It’s an important case, guarding another US marshal, who has blown the whistle on some men he worked with. One of them is still at large and was his superior. Julian is not happy about losing his vacation time, but he’s even more unhappy when he is told the name of the marshal.
Victor Reeves went through marshal training with Julian, and they were not friends. In fact, Victor made it a point to compete with Julian on every activity. Julian suggests they send someone else to watch over Victor, but apparently, Victor personally requested him. But why?
It all started when I was having one of those rare, perfect days, dozing on a sun-drenched Mexican beach. Some friends had talked me into taking one of those all-inclusive vacations for a week. I’d been here two days, and so far all I’d managed to do was catch up on some much-needed sleep, swim, soak up the sun and drink cocktails…lots and lots of cocktails.
I was having a daydream about some hot guy going down on me, and it was just at the good part when I heard a woman hollering, “Hey, look at those dorks in their suits! Shit! They’re coming this way, and oh my God, run! They’ve got guns!”
Immediately my eyelids flew open, and I sprang up straight in the sand. My hand blindly reached for what I knew I wouldn’t find, my weapon, while the whale-like grey-haired lady in the striped bathing suit hopped up and down in front of me. I couldn’t see a damn thing.
Then I heard a male voice telling people to be calm, and as the three men got closer, the lady stopped jumping. I could see them now, the sun reflecting off their shields. I groaned and dropped back down in the sand again.
The woman who’d been jumping pointed right at me. “I knew that man was a fugitive from the law. I could see it in his eyes,” she declared.
Truth was, I wasn’t a fugitive from the law. I was the law.
“US Deputy Julian Harrison?” The men in the suits blocked out the sun.
I sat up, my jaw set. “No!” I shook my head. “No friggin’ way. This is the first vacation I’ve taken in almost three years, and I’ve only been here for two days. I haven’t even sampled all the cocktails yet.”
The man speaking didn’t flinch. “You are Deputy Julian Harrison, aren’t you?”
I groaned. “Yes, but—”
“I’m Deputy Ingram.” He turned around and introduced his companions. “Marshals Phillips and Lewinski. We’ve been told to deliver you to headquarters in Washington immediately. There’s a plane waiting.”
The other clones didn’t speak. They glanced around from behind their dark glasses as Deputy Ingram waited for me to respond.
“Washington?” I worked out of New York City, not Washington. I wrinkled my nose, picked up my beach towel and got to my feet. “What’s going on?”
“I’m not at liberty to say, Sir,” Ingram replied.
“Perfect,” I muttered. “How did I guess you’d say that?” I trailed behind the three marshals, feeling miserable.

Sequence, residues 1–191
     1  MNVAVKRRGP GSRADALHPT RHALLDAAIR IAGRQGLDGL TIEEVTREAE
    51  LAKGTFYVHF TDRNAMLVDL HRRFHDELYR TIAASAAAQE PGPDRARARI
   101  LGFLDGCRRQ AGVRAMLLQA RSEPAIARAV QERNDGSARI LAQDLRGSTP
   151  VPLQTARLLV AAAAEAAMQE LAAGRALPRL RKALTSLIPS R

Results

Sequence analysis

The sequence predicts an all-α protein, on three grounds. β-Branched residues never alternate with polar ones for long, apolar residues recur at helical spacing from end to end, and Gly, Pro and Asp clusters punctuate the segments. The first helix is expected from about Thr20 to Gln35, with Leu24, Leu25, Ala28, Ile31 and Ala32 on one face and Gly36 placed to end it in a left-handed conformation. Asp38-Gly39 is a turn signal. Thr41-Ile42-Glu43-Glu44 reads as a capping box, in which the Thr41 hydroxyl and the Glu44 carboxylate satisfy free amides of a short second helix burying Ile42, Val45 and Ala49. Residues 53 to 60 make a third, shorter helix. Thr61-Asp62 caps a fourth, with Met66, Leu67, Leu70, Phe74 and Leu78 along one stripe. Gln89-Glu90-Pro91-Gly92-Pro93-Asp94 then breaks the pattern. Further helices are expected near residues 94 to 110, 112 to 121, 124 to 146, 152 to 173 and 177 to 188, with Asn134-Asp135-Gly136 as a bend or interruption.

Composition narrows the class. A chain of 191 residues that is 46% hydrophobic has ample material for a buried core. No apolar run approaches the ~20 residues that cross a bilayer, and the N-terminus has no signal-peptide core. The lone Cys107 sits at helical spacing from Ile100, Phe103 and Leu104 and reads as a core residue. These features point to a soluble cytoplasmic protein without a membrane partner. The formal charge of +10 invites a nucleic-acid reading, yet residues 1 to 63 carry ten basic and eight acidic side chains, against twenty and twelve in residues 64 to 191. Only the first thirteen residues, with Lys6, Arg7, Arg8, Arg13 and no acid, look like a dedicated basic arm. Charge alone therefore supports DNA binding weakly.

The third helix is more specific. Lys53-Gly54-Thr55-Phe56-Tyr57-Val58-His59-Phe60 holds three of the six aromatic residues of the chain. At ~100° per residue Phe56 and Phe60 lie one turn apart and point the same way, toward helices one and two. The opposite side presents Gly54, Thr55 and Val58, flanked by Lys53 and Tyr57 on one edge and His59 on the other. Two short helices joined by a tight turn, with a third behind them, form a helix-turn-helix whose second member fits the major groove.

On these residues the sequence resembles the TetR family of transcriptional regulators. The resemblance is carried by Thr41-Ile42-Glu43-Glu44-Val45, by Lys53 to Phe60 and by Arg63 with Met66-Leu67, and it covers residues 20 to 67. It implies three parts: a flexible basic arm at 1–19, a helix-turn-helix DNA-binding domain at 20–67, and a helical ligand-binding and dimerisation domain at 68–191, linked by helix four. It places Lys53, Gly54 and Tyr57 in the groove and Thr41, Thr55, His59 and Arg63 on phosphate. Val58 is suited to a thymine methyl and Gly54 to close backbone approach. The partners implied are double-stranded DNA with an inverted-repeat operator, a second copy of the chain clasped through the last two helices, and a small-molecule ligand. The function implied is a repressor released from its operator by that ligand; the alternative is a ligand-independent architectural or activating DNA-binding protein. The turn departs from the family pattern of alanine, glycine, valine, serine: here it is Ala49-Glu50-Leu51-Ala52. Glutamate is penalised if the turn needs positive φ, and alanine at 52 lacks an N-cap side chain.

“Aren’t they even going to handcuff him?” the jumping lady exclaimed.
I glanced at her as I went by, sneering, trying to look dark and threatening.
The woman placed a hand to her mouth and gasped.
That made me chuckle a little. I hurried to catch up with the three marshals, my bare feet sinking into the sand. I was trying to think of what I could say to make them go away. I knew it was futile.
“How in hell did you find me out here, anyway?” I demanded as we approached the hotel lobby. I already knew the answer. I was a member of SOG, a special emergency unit, and as such, I had to keep the Marshals Service informed of my whereabouts at all times. I was a sitting duck, ripe for the picking. “I’m entitled to a vacation, you know! Isn’t there any other marshal in the whole goddamn country that could have been called in my place?”
Ingram took off his dark glasses. He looked just as intimidating with them off. “We were told to come and get you. That’s all I know, Marshal Harrison.”
“All three of you?” I shook my head. What? Did they think I’d try and make a run for it?
Maybe I still would.
Lewinski spoke for the first time, taking off his glasses and giving me a huge smile. “Oh, I’m staying,” he said. “I booked a trip here.” He lifted a hand to the other two and walked off toward the front desk.
My eyes widened. “He’s kidding, right?”
“No,” Ingram said. “He’s taking your room.”
“I’ll be damned,” I gasped. “And do I get compensated for my half-assed trip?”
“You’ll have to contact your department for that, Harrison,” Ingram told me.
“Yeah, right. Okay, well, you two better come on inside, you’re liable to scare the hotel guests.”
An hour later, I was on a small plane chartered by the government, heading back to US Marshal’s headquarters in Washington, DC.
As I watched the beautiful sun-soaked beach disappear from view, I almost regretted joining SOG, a specially trained and highly disciplined tactical unit of the US Marshals Service. I knew it was not unusual to be called on at any time to do some special assignment, but during my damned vacation?
I joined SOG for excitement. It was a self-supporting response team capable of responding to emergencies anywhere in the United States or its territories. I’d always craved danger and challenge.
Most of the deputy marshals who volunteered to be SOG members served as full-time deputies in Marshals Service offices throughout the nation. Now I couldn’t help wondering what the urgency was all about, and why it couldn’t have waited.
I knew the group’s missions included apprehending fugitives, protecting dignitaries, providing court security, transporting high-profile and dangerous prisoners, providing witness security and seizing assets, but I always thought there were enough of us to go around.
“Has something happened I don’t know about?” I glanced over at Ingram, who seemed to be in charge of everything. “Has there been a terrorist attack?”
“Thankfully, nothing like that,” he said.